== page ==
Righting A Wrong Against Buck

Steve Murray
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Wednesday - March 08, 2006
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It’s not often you get the chance to right a wrong.

Major League Baseball and the Hall of Fame had that chance when a panel of “experts” was formed to determine the fate of 39 individuals from the Negro League and pre-Negro League eras.

They got it wrong.

This is not to say that those 17 who made the cut are not deserving. They may very well have been some of the best ever, but when one of the biggest names in the history of the game is left out, it raises questions about the entire process.

If this panel had been made up of the usual media members with questionable historical references, then the slight may have been easier to digest. But when a hand-selected panel of baseball people can somehow come to the conclusion that John Jordan “Buck” O’Neil somehow does not belong in the Hall of Fame, it makes you wonder what defines an expert.

O’Neil is the living embodiment of a game in which such men are in short supply. At 94, he is one of only approximately 50 former Negro Leaguers still able to provide a living history of a time that cannot, must not be forgotten.

The man called Nancy by teammate Satchel Paige was a two-time batting champion. As manager of one of the best teams in the history of the Negro Leagues, the Kansas City Monarchs, he helped develop future major leaguers Ernie Banks, George Altman, Gene Baker, Francisco Herrera, Elston Howard, J.C. Hartman, Connie Johnson, Sweet Lou Johnson, Hank Thompson and Bob Thurman. He also won five pennants with the team and two Black World Series.

After the demise of the league in which he was forced to compete, in 1962 he became the first African American to coach in the big leagues with the Chicago Cubs. He served as a scout for both the Cubs and the Kansas City Royals, and discovered Hall of Famer Lou Brock and long-time All-Star Joe Carter. He served on the Hall’s veterans committee for almost 20 years, was chair of the Negro Leagues Baseball Museum board of directors, and for the past 25 years has been a fundraiser, tour guide, elder statesman and overall face of the museum to which he practically gave birth.

At the Negro League Baseball Museum in Kansas City, an indoor diamond is manned with statues of the game’s greatest. Josh Gibson is behind the plate, Paige on the mound and Martin Dihigo is at bat. The infield has Buck Leonard at first, Ray Dandridge at second, John Henry Lloyd at short, Rudy Johnson at third. The outfield consists of Cool Papa Bell in left, Oscar Charleston in center and Leon Day in right. Buck O’Neil is in the dugout managing this team of legends. His leg propped up on the wall, his eyes fixed intently on the action. You wonder if this honor is not prophetic and that O’Neil will always be outside the fence looking in. If that ends up being the case, or if O’Neil has to wait another 50 years for the right thing to be done, don’t feel sorry for him.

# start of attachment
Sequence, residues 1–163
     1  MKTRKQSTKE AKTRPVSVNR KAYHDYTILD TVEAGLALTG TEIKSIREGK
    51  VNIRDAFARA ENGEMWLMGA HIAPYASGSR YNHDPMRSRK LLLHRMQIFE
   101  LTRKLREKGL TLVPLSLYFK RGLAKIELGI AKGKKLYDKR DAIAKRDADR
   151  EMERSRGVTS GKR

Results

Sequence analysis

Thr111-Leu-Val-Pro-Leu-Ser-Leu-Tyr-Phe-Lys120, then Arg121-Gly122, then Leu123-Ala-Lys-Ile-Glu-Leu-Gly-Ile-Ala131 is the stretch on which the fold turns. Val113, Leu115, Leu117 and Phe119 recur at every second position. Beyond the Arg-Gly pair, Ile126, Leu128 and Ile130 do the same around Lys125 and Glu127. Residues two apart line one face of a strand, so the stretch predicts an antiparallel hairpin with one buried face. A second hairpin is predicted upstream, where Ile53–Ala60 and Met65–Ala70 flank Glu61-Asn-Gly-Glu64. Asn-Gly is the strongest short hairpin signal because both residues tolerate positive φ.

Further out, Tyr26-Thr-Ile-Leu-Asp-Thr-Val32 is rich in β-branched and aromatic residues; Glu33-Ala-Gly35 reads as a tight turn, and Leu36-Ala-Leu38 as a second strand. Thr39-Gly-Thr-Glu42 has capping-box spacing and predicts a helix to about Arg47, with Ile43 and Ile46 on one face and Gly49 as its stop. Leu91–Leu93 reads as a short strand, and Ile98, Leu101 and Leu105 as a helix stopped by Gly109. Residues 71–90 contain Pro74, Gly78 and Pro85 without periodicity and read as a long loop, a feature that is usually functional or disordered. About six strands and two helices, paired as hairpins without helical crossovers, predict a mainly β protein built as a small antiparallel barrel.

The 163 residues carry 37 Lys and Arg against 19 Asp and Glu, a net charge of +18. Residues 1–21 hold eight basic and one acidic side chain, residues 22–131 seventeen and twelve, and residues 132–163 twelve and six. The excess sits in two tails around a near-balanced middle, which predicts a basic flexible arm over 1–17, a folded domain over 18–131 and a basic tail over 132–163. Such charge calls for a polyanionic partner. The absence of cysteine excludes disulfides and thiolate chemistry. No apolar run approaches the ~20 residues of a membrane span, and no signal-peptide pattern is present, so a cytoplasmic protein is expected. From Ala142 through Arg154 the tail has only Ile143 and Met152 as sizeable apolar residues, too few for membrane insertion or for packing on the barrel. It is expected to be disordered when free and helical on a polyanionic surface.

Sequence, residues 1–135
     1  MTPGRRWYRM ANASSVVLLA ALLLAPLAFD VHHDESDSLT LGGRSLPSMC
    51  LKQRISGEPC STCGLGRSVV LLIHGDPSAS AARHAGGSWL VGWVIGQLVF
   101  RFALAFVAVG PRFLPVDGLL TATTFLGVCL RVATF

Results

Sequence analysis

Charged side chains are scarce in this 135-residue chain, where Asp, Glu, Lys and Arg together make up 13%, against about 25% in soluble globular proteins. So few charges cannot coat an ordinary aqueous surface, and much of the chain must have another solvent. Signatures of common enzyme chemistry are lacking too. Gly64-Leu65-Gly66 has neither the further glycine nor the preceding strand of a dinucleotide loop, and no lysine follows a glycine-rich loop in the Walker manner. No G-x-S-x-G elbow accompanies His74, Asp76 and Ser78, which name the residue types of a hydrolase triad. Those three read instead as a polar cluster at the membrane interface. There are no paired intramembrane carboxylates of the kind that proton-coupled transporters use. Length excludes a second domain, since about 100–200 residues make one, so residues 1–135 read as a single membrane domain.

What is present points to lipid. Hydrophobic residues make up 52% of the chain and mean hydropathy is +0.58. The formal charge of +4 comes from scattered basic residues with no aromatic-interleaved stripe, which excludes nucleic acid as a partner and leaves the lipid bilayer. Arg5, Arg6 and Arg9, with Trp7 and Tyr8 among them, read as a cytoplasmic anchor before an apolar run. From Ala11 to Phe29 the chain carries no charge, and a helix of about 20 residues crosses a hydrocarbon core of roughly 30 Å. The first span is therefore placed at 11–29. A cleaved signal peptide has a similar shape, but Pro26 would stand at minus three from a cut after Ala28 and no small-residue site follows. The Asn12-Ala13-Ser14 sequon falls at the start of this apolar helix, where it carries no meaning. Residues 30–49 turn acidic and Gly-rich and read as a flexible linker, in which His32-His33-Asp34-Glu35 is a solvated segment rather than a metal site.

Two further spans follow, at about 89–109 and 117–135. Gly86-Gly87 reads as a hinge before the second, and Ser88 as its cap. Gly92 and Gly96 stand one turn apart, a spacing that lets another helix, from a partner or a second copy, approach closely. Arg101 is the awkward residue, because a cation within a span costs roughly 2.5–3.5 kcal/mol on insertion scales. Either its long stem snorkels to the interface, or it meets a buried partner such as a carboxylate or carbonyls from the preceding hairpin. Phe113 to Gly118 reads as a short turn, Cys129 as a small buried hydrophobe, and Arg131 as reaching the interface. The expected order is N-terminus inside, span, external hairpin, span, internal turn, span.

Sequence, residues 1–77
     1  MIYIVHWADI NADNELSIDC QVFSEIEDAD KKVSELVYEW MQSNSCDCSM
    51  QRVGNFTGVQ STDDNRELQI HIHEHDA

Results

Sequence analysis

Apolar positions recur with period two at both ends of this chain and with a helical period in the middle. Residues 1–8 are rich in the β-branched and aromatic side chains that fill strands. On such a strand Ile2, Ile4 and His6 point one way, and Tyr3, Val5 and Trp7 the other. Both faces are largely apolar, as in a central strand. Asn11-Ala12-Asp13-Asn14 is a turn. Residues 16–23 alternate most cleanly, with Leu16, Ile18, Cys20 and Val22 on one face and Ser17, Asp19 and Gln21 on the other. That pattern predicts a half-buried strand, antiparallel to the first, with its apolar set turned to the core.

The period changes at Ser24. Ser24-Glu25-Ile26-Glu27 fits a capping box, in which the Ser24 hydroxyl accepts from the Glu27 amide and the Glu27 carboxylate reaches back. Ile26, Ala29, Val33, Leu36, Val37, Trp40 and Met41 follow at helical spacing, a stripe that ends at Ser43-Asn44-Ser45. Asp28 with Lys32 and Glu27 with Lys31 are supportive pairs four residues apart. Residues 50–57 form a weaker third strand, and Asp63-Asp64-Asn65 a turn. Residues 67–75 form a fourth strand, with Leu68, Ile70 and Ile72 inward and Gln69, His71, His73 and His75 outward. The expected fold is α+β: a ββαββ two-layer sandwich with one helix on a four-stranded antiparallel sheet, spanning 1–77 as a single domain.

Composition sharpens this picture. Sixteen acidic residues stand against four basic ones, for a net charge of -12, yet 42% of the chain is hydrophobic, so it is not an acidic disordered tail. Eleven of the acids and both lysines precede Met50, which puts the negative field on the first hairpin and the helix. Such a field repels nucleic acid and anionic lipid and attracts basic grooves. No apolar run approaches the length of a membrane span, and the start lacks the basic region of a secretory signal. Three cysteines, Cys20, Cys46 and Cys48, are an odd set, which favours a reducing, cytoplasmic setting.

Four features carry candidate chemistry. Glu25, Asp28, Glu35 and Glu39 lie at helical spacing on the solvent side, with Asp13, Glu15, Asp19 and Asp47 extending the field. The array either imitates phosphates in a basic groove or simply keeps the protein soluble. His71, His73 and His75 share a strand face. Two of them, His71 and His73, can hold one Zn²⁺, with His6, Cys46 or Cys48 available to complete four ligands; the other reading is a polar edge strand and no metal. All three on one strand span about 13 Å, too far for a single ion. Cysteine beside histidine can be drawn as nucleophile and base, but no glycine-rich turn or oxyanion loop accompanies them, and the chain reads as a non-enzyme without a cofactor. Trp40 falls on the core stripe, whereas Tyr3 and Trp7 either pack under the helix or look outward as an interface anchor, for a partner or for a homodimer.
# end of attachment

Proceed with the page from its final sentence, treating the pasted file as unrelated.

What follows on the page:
He doesn’t. He said as much in a PBS interview in 2003.

“Why would you feel sorry for me?” he asked. “I think we are the cause of the changes. Some of the changes that’ve been made were because of us. We did our duty. We did the groundwork for the Jackie Robinsons, the Willie Mayses, and the guys that are playing now. So why feel sorry for me? We did our part in our generation, and we turned it over to another generation and it’s still changing - which is the way it should be.”

Who will speak for the 16 men and one woman at the Hall of Fame induction ceremony? None are alive. A baseball VIP may say a few words. The grandsons and granddaughters of those long forgotten people may offer an account. But no one will be speaking from experience.

O’Neil said he would be honored to do just that - to speak about the greats he played with and about those who came before. To speak about sleeping on buses because accommodations for blacks were sometimes hard to come by, and how the league was much more than the traveling minstrel show depicted in The Bingo Long Traveling All-Stars & Motor Kings. No one knows better than Buck that these men were stars on the field and admired in their communities.

Because of the lack of coverage of Negro League games in white newspapers, we may never have a complete account of the prowess of these men. But for the time being, we still have Buck O’Neil.

Charming, passionate and handsome. O’Neil rejected anger and resentment in favor of love to rise above the prejudice. Baseball needs to do the same.

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